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  #1731 (permalink)  
Old 18-10-2017, 07:27 PM
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Originally Posted by Unregistered View Post
Hi guys, i need some advice here.
I am graduating next year.
I wonder whether I should take bar and practice? Would it be waste if I dont?

I have a hard time finding a tc and the firm that offered me doesn't pay for my bar course, and its only $300 per month allowance for 6 months during training. Also the firm is not going to retain. So that leaves me another problem to solve a year down the road upon graduation again.

If I just start working, I can earn $3-4k per month.

My question is what opportunities can I get for a legal related role even I do not do part B + tc? Is being called to bar so important?

When I do not get retained, are other law firms keen to hire?
Is getting called to the bar important?

Yes, getting called to the bar is important. Go on a job search website and look up in-house positions. Almost all will require you to have been called to the bar.

Sure if you start working now you can earn 3-4k a month, but your progression will be slow and it will honestly be extremely difficult to negotiate an increase in salary thereafter.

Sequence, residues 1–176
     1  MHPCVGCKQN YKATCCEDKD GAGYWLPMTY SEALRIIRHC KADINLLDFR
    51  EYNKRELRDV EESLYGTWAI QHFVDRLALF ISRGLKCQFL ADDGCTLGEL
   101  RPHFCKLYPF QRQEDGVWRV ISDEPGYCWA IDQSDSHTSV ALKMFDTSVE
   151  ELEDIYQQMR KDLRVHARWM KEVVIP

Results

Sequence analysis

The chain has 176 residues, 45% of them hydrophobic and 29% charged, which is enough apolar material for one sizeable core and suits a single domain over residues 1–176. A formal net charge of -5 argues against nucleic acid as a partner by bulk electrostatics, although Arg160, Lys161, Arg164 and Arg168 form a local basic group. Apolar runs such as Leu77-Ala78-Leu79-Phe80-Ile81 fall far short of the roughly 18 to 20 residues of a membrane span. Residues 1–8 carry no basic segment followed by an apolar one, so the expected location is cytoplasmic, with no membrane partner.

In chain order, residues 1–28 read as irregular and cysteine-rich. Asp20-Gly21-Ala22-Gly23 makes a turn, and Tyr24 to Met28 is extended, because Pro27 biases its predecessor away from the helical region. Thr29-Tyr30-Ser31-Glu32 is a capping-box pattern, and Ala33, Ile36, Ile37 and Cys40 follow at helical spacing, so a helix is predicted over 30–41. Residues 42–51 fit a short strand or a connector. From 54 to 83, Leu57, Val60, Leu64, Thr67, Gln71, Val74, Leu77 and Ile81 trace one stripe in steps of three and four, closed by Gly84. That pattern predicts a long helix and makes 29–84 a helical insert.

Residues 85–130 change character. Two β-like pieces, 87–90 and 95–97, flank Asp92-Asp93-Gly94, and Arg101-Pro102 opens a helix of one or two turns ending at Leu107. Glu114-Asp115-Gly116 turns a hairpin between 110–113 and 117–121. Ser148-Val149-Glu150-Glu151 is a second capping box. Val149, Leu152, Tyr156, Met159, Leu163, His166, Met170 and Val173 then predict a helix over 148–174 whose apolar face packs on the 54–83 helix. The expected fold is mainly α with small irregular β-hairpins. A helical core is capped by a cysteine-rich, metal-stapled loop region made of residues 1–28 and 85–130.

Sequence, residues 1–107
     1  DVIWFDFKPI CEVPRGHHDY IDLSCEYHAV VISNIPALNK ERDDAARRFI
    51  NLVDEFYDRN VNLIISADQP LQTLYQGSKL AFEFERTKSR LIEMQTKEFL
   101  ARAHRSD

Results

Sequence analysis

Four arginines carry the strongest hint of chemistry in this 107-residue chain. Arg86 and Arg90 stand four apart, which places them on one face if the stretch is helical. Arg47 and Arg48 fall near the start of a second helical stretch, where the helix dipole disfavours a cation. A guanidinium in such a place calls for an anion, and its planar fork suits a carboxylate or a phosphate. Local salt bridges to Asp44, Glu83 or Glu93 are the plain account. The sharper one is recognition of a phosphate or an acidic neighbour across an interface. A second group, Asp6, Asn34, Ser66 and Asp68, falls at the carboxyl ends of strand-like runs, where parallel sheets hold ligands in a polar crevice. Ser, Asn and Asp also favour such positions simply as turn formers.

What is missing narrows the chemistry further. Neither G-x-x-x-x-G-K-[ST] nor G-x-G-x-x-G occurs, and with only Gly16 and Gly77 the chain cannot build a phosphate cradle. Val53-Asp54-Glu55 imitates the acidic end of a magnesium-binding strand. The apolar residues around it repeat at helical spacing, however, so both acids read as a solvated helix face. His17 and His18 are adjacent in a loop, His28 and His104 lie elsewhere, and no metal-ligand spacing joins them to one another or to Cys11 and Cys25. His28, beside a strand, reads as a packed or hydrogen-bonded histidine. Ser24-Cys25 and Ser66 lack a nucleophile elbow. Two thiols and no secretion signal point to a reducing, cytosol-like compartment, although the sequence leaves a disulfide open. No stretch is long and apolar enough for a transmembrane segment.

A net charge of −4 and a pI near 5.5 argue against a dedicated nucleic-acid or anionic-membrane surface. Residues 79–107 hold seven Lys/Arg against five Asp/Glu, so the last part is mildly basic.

Public Sector Legal Roles

Getting a legal role without any experience (even in public sector) is difficult and to be honest, I have yet to see a legal role in public sector that doesn't require you to have been called to the bar. What they do offer, though, is training for you to get called to the bar - this option is great because they tend to pay you full pay (you will be a legal officer and be able to rep the org in court). These job Ads will usually include a line which informs you that working exp with them counts towards the training requirements under the LPA. I've seen one for MOM in the past... but you'll still have to do part B.

I'm not going to be retained!

Worry less about retention rates and more about your abilities as a lawyer. Gain as much exposure as you can and learn as much as you can. My CV always had a list of cases i've assisted on and the contributions i've made in those cases. Its about how much you've done and how well you can market yourself.

I would even say that you're in a better position because you know for sure you won't be retained and can start looking for full time opportunities almost immediately after you start (well... give it 3 months). This means you won't be in a situation where your job search is dependent on when your employer decided to tell you if you will be retained.


Make a commitment and stick to it. You've already spent 4 years in law school. At this point, what is that one additional year?

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